After being affirmed by Maryland's Court of Appeals, Wiggins' conviction and sentence were overturned in a federal district court on a habeas petition claiming ineffective assistance of counsel. However, shortly afterwards the decision was reversed and the Fourth Circuit Court reinstated both the conviction and death sentence.
Finally, in November of 2002, the Supreme Court of the United States agreed to hear an appeal of Wiggins' sentencing hearing, but declined the appeal of his conviction. Appling a two-pronged test outlined in a 1984 decision, Strickland v. Washington, the Court sought to determine first whether or not Wiggins' counsel was deficient and second, if that deficiency prejudiced the outcome. In a 7-2 decision, the Court found that Wiggins' attorneys' failure to investigate and introduce mitigating factors was indeed due to carelessness as opposed to "reasoned strategic judgment," and that the presentation of such mitigating factors likely would have "led at least one juror to reject the death penalty." Thus, in June of 2003, Wiggins' death sentence was effectively overturned and he was resentenced to life in prison.
Specific Cases | Maryland Citizens Against State Executions
I have talked to police, lawyers, court psychologists and judges during at least three court appearances and other minor issues with police and never once did I confess to anything that I did not do. I doubt that even a fraction of those that talk to cops and lawyers do either...Expanding on that, it is the reason why the Innocence Project finds such a high percentage of its exonerations have involved false confessions. People are generally good natured. They feel bad (like this girl did), want to be helpful or cooperative with the authorities, are tired, scared or sympathetic to someone, and lo and behold that goodwill leads them straight into giving a confession to something they didn't do. Even if they didn't intended it, or actually realize they are "confessing."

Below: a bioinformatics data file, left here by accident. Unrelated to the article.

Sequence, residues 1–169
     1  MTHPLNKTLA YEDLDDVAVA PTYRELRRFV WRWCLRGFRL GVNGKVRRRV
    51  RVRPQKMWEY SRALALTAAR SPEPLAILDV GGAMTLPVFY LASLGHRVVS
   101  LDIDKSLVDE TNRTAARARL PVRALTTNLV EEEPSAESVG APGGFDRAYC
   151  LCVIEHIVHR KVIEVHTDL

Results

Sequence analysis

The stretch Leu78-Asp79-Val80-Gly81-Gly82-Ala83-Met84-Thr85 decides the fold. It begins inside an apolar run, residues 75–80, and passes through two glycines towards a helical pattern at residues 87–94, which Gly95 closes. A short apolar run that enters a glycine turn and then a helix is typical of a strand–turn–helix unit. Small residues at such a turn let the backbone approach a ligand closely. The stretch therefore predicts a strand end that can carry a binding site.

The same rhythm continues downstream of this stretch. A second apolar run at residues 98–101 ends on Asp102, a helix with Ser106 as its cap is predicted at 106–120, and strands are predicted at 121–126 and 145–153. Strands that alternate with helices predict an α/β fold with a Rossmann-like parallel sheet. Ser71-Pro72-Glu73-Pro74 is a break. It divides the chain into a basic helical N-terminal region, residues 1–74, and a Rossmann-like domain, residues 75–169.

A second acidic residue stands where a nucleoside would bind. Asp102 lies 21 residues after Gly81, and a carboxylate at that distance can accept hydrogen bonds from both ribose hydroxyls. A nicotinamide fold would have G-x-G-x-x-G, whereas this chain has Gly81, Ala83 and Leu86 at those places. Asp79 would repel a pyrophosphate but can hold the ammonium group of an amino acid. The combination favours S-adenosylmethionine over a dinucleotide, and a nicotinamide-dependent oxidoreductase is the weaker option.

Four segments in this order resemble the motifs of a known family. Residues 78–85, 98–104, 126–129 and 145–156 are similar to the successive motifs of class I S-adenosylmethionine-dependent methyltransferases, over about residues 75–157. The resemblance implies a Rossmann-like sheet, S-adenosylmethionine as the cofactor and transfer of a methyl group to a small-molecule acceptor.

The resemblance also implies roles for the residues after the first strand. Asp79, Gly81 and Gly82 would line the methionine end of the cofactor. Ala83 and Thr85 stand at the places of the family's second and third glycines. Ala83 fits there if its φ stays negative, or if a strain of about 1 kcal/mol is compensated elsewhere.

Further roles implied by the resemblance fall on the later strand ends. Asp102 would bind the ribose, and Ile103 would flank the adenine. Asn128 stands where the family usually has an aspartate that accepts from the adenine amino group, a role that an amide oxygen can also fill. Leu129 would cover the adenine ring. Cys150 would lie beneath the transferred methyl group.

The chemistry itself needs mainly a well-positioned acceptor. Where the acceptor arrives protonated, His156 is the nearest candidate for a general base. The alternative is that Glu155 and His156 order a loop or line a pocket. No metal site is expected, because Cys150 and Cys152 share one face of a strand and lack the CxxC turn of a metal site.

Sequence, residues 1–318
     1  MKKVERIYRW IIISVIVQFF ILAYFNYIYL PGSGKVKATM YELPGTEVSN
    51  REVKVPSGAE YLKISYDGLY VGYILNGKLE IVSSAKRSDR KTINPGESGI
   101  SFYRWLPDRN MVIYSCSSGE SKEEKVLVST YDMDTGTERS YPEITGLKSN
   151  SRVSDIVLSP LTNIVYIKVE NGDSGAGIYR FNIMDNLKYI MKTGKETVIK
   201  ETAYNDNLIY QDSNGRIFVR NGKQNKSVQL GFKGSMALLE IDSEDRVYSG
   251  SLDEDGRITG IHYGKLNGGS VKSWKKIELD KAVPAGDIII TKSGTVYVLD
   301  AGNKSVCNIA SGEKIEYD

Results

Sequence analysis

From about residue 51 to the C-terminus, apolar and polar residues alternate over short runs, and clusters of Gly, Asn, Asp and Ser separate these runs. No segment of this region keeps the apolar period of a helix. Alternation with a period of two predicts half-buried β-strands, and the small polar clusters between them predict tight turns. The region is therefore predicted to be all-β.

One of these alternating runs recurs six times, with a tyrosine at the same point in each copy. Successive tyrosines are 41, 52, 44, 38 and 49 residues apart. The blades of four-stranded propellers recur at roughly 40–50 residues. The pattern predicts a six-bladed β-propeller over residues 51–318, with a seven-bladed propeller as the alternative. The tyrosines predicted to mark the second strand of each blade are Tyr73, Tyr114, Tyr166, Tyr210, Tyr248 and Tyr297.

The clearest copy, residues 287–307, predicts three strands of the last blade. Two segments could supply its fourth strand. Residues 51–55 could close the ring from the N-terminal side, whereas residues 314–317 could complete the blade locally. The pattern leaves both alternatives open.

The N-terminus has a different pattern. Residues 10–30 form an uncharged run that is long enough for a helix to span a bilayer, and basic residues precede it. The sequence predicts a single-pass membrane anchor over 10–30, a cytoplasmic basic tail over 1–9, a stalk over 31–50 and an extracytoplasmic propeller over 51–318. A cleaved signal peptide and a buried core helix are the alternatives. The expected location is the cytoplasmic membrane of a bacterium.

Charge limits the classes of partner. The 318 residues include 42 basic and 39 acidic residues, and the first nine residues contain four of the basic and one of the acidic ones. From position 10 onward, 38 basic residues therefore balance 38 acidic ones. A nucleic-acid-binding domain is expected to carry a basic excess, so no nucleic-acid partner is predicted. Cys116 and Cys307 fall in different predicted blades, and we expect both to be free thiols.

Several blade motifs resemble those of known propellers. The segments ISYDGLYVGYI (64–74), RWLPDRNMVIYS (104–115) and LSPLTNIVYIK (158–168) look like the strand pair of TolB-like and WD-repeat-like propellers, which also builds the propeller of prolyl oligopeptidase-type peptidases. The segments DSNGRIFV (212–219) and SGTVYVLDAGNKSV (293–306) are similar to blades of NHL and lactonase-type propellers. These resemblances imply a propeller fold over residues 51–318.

Something should be done to ensure that nobody innocent goes to Death Row. Throwing away the Death Penalty because of some problems is as illogical as throwing away your car because the breaks don't work properly. You fix the problem.It's a crappy system for those that don't realize that their role is to be a complete, unresponsive jerk. It contributes to the issue of innocent death row inmates.
I don't understand you putting in displeasure the way that you do but here is the reason for the latter part...I'm curious then. If you believe that killing is a displeasure, what possible logic do you have to justify the idea that killing another human being "upholds the value of innocent life"?
Teleological ethics - New World Encyclopedia
I am against the death penalty entirely, but even if I were to condone it, it could only ever be on the basis of this being the most moral act.
The government can't stoop to the level of a murderer -- it would thus lose the moral high ground to dish out penalties in the first place.
Ergo, it is the duty of the government, when enacting the death penalty, to do so with the utmost respect and the least suffering. The point is for this person to be gone, not for this person to feel the wrath of the people he hurt.
Otherwise it's just barbaric.
Economic Left/Right: -7.25, Authoritarian/Libertarian:-7.13
All over the place, from the popular culture to the propaganda system, there is constant pressure to make people feel that they are helpless, that the only role they can have is to ratify decisions and to consume. -Noam Chomsky